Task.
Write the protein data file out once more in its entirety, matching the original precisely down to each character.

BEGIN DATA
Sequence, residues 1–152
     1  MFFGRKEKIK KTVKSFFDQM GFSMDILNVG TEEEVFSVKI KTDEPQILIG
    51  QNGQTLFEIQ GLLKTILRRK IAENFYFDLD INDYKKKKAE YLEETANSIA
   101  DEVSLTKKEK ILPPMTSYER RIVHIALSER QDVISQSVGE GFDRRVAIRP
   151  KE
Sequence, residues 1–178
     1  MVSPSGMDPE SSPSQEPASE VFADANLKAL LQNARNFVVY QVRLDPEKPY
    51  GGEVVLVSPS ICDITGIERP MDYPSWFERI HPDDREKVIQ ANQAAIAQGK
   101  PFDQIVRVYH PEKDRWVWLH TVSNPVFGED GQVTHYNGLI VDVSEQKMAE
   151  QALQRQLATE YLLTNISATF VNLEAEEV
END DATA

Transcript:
Sequence, residues 1–152
     1  MFFGRKEKIK KTVKSFFDQM GFSMDILNVG TEEEVFSVKI KTDEPQILIG
    51  QNGQTLFEIQ GLLKTILRRK IAENFYFDLD INDYKKKKAE YLEETANSIA
   101  DEVSLTKKEK ILPPMTSYER RIVHIALSER QDVISQSVGE GFDRRVAIRP
   151  KE
Sequence, residues 1–178
     1  MVSPSGMDPE SSPSQEPASE VFADANLKAL LQNARNFVVY QVRLDPEKPY
    51  GGEVVLVSPS ICDITGIERP MDYPSWFERI HPDDREKVIQ ANQAAIAQGK
   101  PFDQIVRVYH PEKDRWVWLH TVSNPVFGED GQVTHYNGLI VDVSEQKMAE
   151  QALQRQLATE YLLTNISATF VNLEAEEV